"Setting Priorities in Energy Innovation Policy: Lessons for the UK"
Author: Jim Watson
The transition towards more sustainable, low carbon societies will require the development and deployment of a range of new and existing energy technologies. These include centralised supply side options such as carbon capture and storage, infrastructure technologies such as decentralised energy networks, and technologies adopted by consumers such as LED lighting, cleaner vehicles and micro-generation.
This paper analyses the role of governments in supporting this process and draws on experience from Europe, the USA and Japan. The paper's starting point is the common assertion that governments should avoid providing targeted support to particular technologies. Instead, they should set general frameworks to encourage more sustainable innovation, for example by creating carbon markets. The practice of 'picking winners' should therefore be avoided because governments are not best placed to decide which technologies to fund.
The paper challenges this argument on a number of grounds. First, the resources that governments can devote to sustainable energy innovation are limited. If there is no attempt to prioritise how these resources are used, there is a risk that they will be spread too thinly. Second, the urgency of climate change means that innovation and deployment may be too slow if there is an excessive reliance on the carbon market. Carbon markets such as the EU emissions trading scheme are in their infancy, and have yet to demonstrate that they are strong enough to promote significant low carbon innovation. Third, even if there were a high carbon price, it is unlikely that this would be sufficient to develop those technologies that are not already close to commercial status. Generic policy incentives such as carbon prices tend to favour near market technologies.
Having discussed the rationales for more specific government support for sustainable energy technologies, the paper explores some of the criteria that could be used by policy makers to prioritise this support. These include the costs and risks of different technologies; the different development stage of each technology, diversity within portfolios of technologies; and the role of industrial policy. Whilst many of these criteria are included within policy development processes, the paper argues that it is often hard to find an overall rationale for the priorities that emerge.
The paper concludes with five key implications for energy innovation policy. These are particularly aimed at UK policy, but are also relevant to other countries too:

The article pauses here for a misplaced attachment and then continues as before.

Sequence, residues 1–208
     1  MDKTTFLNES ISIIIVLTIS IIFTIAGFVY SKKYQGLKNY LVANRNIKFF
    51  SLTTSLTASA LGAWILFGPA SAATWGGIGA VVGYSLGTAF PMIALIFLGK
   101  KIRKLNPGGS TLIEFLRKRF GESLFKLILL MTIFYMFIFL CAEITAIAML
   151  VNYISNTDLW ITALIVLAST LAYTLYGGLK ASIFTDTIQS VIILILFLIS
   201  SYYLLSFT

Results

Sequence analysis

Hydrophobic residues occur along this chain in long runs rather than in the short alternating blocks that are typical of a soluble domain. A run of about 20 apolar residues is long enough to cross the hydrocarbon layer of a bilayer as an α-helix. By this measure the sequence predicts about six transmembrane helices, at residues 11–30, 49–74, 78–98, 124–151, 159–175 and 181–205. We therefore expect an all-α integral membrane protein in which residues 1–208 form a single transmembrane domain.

- First, government funding for more sustainable energy technologies needs to increased and rebalanced. Rebalancing would give a greater support to technologies facing the 'valley of death' between demonstration and commercial deployment. In the absence of public funding, taking innovations across this valley of death can be too costly (and hence too risky) for many firms. UK policy is now moving in the right direction, though more needs to be done to align the size and profile of budgets with claims to international leadership on climate change.
- Second, government funding needs to be more technology-specific. Generic incentives such as carbon emissions trading schemes are necessary, but are not sufficient to develop and deploy the range of technologies required. Research shows that technology-specific approaches work. However, in order to pursue these successfully, policy makers will need enough independence to decide when to discontinue support - often in the face of disappointed lobbies.
- Third, the process of deciding which technologies to prioritise needs to be more transparent. Whilst the UK government has published a range of documents that focus on specific areas such as renewables and energy efficiency, there is no visible, overarching strategy. Such a strategy should establish what criteria are important for decision making - and how these criteria have been used to inform the development of policies and incentives.
- Fourth, policy needs to strengthen its capacity for evaluation of technology support programmes. In common with other governments, the UK policy system conducts some evaluations. However, this process does not appear to be a systematic one. Evaluation is critical so that failures do not threaten government legitimacy, but are seen as opportunities to learn.
- Finally, innovation policies need to deal with the locked in-nature of current energy systems. Whilst energy infrastructures, institutions and policies were developed to meet important social goals, radical change is likely to be required to tackle climate change effectively. Government policy therefore needs to open up energy systems to more radical technologies and business models, and ensure that institutions and common infrastructures facilitate their deployment.
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